Obesity is a difficult thing to conquer, even with the best of intentions. For some, the combination of watching what they eat and daily exercise is a difficult task to keep up with. It is for that very reason that a study on obesity published in the journal, Patient Education and Counseling, says that patients suffering with obesity that utilize a physician’s help to lose weight are successful more often.
During the two-year study, 347 individuals struggling with obesity took part in something called Practice-based Opportunities for Weight Reduction, or POWER. The purpose of POWER was to examine just how important the benefits of a healthcare worker assisting someone who is trying to conquer obesity are. Of the 347 participants, 63 percent were female, and 40 percent were African-American. The mean age of all the participants in the POWER study was 54.8-years-old.
Dr. Wendy Bennett, from the Johns Hopkins University School of Medicine spoke about the POWER program.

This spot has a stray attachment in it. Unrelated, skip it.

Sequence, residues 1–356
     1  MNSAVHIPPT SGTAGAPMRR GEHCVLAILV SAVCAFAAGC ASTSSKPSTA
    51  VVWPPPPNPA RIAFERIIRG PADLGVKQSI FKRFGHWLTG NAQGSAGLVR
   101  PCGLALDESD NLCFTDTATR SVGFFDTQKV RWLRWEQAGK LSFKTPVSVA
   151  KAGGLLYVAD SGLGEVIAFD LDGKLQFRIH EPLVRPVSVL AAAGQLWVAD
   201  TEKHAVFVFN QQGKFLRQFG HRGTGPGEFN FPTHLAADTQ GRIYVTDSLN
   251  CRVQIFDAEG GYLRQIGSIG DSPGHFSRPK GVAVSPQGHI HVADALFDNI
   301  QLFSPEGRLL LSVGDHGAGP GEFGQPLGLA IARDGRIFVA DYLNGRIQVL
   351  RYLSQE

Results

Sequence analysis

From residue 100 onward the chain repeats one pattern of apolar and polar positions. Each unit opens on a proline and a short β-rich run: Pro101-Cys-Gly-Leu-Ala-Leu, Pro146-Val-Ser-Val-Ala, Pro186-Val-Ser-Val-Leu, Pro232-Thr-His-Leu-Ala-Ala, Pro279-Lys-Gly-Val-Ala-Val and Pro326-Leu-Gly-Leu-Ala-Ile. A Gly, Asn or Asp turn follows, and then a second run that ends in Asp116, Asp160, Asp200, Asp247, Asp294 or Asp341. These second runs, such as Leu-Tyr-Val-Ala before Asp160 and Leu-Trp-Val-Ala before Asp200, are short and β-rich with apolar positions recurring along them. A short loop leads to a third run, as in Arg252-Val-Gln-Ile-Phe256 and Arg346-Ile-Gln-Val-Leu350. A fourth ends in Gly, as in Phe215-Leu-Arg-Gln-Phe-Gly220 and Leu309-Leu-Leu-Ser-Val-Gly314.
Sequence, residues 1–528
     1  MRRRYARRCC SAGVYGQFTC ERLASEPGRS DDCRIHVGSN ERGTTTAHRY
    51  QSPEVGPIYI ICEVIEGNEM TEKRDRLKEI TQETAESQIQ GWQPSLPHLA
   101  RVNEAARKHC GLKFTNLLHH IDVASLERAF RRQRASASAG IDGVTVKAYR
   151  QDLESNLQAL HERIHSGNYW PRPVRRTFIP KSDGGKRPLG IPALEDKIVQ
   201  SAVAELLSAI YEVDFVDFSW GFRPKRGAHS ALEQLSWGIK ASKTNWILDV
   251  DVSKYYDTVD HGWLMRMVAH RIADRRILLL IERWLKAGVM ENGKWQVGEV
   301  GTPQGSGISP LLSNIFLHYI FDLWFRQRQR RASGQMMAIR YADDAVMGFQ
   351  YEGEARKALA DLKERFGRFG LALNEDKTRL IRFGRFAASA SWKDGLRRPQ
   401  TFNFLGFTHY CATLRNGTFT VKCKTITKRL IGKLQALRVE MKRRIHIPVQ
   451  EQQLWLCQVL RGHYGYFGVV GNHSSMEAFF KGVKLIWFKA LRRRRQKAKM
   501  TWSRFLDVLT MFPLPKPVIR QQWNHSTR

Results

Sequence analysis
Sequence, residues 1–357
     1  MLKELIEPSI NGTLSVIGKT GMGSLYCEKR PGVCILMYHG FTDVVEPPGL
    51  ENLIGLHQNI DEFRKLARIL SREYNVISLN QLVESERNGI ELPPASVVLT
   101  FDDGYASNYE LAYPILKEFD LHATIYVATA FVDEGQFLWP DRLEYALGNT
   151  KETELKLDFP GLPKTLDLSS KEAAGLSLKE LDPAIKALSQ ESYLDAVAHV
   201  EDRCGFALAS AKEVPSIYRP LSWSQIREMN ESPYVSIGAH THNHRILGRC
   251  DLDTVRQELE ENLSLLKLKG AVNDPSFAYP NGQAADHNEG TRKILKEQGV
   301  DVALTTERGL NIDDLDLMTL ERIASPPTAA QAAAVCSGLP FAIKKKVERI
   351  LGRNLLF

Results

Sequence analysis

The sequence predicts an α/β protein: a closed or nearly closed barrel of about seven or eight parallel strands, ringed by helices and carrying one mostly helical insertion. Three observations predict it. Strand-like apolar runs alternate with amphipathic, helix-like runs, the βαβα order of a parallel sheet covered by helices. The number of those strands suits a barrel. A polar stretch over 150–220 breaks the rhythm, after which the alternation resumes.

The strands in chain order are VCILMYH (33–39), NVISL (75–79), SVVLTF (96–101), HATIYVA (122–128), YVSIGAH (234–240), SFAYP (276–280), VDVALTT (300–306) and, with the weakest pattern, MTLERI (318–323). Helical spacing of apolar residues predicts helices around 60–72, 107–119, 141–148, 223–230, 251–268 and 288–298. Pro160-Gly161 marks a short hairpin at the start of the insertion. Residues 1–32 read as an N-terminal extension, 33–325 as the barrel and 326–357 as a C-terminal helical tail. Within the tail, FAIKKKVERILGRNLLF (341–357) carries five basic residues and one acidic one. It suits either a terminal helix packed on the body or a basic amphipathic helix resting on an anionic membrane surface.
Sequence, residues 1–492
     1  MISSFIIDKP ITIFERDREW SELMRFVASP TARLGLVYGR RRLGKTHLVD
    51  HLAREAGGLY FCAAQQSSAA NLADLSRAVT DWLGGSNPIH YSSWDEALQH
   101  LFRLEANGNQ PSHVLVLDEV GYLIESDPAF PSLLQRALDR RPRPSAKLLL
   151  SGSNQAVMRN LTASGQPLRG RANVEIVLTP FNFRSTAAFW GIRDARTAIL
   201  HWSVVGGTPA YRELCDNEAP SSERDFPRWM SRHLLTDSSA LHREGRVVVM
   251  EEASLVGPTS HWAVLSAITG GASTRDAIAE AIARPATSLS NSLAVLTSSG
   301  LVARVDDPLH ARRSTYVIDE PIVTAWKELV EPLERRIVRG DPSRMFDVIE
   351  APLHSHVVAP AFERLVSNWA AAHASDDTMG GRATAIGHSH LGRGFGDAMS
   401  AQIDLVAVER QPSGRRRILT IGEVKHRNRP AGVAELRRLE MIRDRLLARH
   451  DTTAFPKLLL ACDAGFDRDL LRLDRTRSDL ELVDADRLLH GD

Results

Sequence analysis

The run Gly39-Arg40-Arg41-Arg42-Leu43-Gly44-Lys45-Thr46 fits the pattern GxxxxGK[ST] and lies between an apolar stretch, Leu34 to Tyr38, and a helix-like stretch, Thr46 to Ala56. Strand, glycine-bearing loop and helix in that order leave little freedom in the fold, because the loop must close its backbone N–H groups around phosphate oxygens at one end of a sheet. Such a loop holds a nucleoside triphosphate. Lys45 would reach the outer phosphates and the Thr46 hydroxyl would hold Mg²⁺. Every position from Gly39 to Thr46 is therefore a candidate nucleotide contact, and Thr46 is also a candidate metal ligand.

“This trial supports other evidence that providers are very important in their patients’ weight loss efforts. Incorporating physicians into future programs might lead patients to more successful weight loss.”
Participants in the POWER study were asked how they felt about their physician-assisted weight loss attempts after two years in the program.
When a physician or other healthcare assists in the battle against obesity, they may encourage or prescribe behavior modification — encompassing diet and exercise, pre-packaged meal replacement plans, and pharmacotherapy, or weight-loss medication. After a healthcare official and a patient agree on a plan, the individual is scheduled for follow-up visits to their healthcare partner to see how things are going. The time between visits will vary from patient to patient, but they are usually scheduled every three-to-four weeks.
Unsurprisingly, the participants that gave an exceptionally high rating to their healthcare partners were the obese participants that lost the most weight, that being an average of about 111 pounds. Those participants that lost an average of five pounds gave their healthcare partners the lowest rankings.
Currently, healthcare workers are not usually repaid by private insurance companies or Medicare for assisting obese patients with weight loss programs, even though successful weight loss programs greatly increase the health of those struggling with obesity, and save money on healthcare in the long run.
The researchers that built and conducted the POWER study intend to use their findings to attempt to lobby insurance companies to pay for healthcare assisted weight loss programs in the future.
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